How do you judge the new activism of Macron and the axis between France and Germany to reform the Eurozone?

An excellent show lacking any tangible substance. First, Macron’s proposals for the eurozone would prove macroeconomically insignificant even if adopted. Secondly, they will not be adopted, since Berlin will find a way to reject anything beyond some new window dressing.

What is the situation of Greece as compared to when you resigned as minister?

Despite the impressive propaganda, every day is worse than the previous one.

In which way?

From every point of view. Here are a few examples of developments since the summer of 2015:

  • 170 thousand more young, well-qualified, people left the country
  • Another 1.2 million people fell below the poverty line (the total now being 3.7 million out of a population of 10 million)
  • A further drop of wages by 20%
  • 34% of workers now receive less than €380 per month before tax
  • A further drop of pensions between 10% and 35%
  • Another 500 million euros was cut from the health budget
  • 50% of medical school graduates left the country immediately after graduating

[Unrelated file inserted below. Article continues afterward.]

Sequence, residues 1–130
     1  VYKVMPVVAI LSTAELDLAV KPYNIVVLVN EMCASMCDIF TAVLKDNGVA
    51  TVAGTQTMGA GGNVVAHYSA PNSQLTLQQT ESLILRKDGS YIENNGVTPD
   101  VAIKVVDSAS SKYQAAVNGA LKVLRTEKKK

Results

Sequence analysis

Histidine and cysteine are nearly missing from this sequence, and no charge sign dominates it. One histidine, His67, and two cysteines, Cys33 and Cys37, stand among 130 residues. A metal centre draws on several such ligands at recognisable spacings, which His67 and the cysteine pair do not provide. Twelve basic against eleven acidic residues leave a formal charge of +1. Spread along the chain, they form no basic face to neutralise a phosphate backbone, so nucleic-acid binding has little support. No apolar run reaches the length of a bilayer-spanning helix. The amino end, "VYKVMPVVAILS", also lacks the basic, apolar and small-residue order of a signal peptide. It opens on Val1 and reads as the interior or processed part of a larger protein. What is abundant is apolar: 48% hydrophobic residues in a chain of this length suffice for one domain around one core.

• Suicides continue at the same pace, 45% above the pre-crisis levels
  • Electronic auctions were introduced even for main home residences, followed by evictions
  • Sales of public assets for ludicrously low prices
    • 14 airports to a German company that borrowed every euro from Greek banks that were re-capitalised by… Greek taxpayers
    • 67% of Piraeus to China’s Cosco for much less than Cosco had offered when I was in the ministry
    • Our trains for… 45 million euros
    • The largest seaside Athens metropolitan plot of land (the old Athens airport) for €140 per square metre

What are your political projects now?

This weekend DiEM25 is bringing together in Napoli, hosted by Luigi de Magistris (Napoli’s Mayor), many political parties from across Europe. Our aim is to announce the formation of the first transnational party list to contest the May 2019 European Parliament election. Needless to say, we want to work with many other forces and this will be an open process.  On 26th March, we shall be inaugurating our new political party in Greece, to be called MeRA25. By April, DiEM25 Italia will organise regional assemblies in all Italian regions to elect regional coordination committees – following the election of our national coordination committee. Our aim is to establish soon, together with our political partners in Italy, a new Italian national party that is part of the transnational European party list coming together this weekend in Napoli.